Every day, Americans are burdened by the strain and fear of ballooning healthcare costs. Yet despite the hardships many Americans endure, 64% say they are “completely” or “mostly” satisfied with their personal experience of the healthcare system.
Additionally, one in four skipped a medical treatment because of cost, and in the past year alone, Americans collectively borrowed an estimated $88 billion to cover healthcare costs.
Partisan divides split Americans’ perceptions of the healthcare system’s quality. While 48% of the general population believes that the quality of care in the U.S. is the best or among the best in the world, this swells to 67% among self-identified Republicans, compared with just 38% among Democrats.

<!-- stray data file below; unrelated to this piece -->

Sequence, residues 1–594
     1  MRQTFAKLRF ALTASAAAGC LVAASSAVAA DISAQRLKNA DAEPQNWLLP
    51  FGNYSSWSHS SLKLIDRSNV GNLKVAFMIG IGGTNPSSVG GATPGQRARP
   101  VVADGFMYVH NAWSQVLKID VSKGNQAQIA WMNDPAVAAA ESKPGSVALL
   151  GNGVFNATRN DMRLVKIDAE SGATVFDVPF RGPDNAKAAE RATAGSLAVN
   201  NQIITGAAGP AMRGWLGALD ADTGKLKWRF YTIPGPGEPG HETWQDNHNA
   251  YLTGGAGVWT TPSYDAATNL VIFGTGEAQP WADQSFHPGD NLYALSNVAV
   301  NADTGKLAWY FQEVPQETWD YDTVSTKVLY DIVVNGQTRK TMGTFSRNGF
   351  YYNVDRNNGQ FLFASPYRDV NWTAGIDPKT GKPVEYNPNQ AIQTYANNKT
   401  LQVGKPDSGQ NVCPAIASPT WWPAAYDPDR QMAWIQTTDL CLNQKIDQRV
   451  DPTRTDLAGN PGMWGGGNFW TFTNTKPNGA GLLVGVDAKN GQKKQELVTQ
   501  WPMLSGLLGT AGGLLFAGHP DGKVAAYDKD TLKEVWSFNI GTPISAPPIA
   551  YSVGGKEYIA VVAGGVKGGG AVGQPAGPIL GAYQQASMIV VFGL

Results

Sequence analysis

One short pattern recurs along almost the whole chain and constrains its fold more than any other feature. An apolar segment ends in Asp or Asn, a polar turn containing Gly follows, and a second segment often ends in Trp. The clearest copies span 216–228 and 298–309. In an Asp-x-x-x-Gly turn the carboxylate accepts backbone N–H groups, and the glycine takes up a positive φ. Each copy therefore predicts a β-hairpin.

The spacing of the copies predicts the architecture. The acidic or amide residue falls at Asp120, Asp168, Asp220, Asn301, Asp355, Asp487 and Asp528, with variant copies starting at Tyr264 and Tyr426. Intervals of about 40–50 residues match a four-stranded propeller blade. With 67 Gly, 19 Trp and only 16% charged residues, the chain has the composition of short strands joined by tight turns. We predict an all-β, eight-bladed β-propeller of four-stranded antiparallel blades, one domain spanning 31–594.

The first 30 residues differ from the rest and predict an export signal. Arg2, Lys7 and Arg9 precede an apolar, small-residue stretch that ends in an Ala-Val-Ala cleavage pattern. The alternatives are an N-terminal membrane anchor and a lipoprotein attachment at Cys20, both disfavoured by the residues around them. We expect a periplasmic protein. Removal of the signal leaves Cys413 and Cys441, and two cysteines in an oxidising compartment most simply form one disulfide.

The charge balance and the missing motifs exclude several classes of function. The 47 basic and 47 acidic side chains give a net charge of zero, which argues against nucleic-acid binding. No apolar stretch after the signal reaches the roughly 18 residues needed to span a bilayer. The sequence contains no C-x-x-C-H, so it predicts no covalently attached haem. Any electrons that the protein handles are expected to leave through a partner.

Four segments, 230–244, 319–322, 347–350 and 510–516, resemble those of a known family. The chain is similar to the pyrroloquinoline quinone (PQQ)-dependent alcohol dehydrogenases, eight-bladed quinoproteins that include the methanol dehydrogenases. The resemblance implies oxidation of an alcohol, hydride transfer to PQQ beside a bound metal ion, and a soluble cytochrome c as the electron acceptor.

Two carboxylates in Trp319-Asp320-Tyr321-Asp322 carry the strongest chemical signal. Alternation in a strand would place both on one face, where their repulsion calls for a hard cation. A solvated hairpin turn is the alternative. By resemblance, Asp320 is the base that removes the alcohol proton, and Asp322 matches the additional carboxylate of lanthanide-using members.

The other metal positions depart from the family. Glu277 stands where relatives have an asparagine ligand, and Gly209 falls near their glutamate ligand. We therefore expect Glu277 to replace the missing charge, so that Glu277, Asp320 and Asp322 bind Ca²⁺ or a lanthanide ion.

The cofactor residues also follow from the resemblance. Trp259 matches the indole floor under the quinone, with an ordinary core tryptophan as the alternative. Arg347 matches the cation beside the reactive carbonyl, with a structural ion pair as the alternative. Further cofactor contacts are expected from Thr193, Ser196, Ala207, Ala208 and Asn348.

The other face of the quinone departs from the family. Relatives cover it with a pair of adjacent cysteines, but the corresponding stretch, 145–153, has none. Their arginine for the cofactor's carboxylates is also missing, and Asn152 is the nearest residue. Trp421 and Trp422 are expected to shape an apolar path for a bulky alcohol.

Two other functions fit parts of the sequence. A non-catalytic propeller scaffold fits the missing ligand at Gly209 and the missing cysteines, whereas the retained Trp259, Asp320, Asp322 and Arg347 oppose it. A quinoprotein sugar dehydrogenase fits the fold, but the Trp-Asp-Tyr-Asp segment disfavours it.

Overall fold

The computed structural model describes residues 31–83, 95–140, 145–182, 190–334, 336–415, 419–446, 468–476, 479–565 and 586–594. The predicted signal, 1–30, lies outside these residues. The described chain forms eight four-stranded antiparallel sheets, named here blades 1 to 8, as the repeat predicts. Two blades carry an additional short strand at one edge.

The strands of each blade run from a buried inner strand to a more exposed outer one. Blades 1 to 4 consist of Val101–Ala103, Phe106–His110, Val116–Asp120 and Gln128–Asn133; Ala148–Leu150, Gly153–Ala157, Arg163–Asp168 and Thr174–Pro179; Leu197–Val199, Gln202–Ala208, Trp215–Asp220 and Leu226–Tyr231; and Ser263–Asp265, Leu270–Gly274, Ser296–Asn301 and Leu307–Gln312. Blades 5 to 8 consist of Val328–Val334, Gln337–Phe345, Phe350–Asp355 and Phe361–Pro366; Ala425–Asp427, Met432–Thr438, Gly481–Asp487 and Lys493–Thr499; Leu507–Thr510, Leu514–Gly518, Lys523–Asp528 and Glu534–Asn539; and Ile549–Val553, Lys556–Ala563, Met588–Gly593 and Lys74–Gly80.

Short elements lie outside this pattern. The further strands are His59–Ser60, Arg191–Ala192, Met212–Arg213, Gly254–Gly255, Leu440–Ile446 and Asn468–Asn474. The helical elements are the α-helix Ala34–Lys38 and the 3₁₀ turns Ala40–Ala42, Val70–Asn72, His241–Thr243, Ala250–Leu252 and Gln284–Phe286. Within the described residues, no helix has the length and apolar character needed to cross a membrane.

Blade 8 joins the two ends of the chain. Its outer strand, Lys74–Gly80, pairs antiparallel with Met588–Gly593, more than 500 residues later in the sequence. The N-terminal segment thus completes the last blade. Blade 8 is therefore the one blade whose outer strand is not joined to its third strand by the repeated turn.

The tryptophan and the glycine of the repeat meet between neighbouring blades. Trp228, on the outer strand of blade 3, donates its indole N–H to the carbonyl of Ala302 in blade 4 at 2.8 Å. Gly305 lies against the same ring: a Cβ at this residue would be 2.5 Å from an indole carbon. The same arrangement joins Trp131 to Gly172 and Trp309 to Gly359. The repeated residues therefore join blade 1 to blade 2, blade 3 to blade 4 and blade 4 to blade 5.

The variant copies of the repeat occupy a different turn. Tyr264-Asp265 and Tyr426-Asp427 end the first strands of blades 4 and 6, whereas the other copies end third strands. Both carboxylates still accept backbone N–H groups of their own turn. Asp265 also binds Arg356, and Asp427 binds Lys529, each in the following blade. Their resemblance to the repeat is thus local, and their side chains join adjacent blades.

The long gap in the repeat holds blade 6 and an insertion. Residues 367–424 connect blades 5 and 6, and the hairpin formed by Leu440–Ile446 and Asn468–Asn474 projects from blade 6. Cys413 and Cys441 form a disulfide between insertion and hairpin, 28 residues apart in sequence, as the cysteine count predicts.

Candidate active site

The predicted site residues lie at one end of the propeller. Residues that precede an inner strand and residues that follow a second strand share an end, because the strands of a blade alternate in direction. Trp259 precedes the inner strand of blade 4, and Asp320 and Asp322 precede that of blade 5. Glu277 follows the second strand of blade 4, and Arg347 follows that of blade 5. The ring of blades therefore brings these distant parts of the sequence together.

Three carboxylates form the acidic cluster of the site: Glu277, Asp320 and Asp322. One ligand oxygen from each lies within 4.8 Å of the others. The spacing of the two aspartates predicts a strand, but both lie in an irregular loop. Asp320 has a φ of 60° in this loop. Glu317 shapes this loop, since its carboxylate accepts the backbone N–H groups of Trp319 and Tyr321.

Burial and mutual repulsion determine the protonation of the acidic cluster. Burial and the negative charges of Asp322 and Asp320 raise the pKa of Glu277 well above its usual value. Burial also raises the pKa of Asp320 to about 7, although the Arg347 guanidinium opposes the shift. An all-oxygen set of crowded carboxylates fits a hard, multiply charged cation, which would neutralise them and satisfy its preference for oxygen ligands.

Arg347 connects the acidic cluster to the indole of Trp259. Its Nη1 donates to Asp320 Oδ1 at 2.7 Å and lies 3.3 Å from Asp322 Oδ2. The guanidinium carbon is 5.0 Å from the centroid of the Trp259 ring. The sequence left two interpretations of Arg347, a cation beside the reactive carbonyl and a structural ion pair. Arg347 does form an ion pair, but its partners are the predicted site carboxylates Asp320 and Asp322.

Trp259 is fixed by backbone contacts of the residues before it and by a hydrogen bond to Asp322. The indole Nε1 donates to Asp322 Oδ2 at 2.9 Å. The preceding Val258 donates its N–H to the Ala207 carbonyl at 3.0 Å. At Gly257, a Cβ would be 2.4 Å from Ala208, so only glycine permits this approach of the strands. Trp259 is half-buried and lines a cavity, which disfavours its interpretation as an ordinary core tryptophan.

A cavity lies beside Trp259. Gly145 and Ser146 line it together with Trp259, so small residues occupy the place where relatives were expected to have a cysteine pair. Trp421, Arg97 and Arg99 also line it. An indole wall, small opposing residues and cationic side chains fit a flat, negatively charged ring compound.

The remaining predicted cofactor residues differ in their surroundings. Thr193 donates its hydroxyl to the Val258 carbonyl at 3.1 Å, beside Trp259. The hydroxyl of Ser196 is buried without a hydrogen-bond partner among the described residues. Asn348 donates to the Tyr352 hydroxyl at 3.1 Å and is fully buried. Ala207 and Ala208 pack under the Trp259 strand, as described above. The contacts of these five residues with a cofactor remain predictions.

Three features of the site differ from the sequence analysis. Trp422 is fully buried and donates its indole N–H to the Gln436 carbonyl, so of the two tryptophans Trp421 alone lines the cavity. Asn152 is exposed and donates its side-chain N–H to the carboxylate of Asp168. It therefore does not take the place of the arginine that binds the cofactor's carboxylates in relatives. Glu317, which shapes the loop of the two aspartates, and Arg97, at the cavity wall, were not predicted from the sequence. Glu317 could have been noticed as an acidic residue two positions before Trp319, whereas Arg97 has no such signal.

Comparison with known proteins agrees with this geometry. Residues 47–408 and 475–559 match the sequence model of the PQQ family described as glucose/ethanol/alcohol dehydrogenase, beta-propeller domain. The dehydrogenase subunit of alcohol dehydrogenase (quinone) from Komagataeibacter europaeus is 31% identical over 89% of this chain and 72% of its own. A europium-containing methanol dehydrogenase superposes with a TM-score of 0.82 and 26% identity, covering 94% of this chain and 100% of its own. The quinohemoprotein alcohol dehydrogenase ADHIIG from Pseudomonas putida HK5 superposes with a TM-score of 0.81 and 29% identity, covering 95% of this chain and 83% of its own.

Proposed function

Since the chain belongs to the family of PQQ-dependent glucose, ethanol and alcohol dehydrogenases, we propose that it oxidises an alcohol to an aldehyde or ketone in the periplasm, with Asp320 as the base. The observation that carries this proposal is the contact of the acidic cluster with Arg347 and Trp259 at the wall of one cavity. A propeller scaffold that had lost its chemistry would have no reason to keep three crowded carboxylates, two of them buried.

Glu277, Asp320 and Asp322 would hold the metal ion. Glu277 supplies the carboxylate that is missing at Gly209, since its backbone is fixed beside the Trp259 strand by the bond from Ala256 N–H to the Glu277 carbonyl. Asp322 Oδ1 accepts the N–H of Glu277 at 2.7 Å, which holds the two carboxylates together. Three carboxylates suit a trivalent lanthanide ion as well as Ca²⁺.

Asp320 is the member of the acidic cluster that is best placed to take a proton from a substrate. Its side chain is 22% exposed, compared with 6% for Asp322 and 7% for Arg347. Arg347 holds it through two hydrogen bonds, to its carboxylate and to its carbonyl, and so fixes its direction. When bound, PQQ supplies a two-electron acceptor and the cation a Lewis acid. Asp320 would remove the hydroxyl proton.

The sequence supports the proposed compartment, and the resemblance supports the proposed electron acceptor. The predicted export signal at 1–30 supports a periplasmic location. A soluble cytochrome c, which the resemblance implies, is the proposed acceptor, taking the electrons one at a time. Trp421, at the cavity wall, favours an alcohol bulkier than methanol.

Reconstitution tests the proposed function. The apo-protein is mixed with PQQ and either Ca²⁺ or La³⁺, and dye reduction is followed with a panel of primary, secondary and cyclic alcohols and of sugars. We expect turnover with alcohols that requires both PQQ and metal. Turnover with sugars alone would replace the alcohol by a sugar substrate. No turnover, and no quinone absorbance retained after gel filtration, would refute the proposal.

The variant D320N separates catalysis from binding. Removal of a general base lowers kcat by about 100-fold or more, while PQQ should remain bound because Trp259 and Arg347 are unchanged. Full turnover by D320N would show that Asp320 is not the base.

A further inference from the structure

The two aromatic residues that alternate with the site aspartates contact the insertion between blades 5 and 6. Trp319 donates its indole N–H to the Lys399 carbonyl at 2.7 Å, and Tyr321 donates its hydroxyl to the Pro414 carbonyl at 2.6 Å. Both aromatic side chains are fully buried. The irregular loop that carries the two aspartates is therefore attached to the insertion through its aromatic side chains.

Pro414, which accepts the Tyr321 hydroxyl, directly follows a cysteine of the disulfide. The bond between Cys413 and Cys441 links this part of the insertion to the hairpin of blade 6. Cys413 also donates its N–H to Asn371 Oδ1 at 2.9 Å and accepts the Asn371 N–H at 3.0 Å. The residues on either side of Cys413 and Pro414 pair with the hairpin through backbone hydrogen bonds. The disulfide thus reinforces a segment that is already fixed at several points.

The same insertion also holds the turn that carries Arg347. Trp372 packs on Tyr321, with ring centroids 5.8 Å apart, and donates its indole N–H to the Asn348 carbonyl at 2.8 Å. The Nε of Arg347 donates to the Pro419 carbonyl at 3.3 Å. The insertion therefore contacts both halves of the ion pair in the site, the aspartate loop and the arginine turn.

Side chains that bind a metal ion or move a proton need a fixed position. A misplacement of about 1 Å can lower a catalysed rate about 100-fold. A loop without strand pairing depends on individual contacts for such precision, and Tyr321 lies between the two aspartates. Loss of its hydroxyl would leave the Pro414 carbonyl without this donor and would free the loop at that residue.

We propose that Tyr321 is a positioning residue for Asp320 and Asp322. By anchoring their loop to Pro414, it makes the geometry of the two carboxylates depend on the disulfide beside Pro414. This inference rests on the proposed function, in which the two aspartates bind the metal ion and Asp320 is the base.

Other key findings in The U.S. Healthcare Cost Crisis include:
- the sacrifices Americans make, and the tradeoffs they are willing to accept, to offset the impact of high healthcare costs
- Americans’ concerns about the damage rising healthcare costs could do to the U.S. economy and to their own personal finances
- Americans’ expectations about their healthcare costs over the next two years
- the extent to which Americans defer or forgo care or medicine due to high costs
- Americans’ understanding of their out-of-pocket costs before receiving care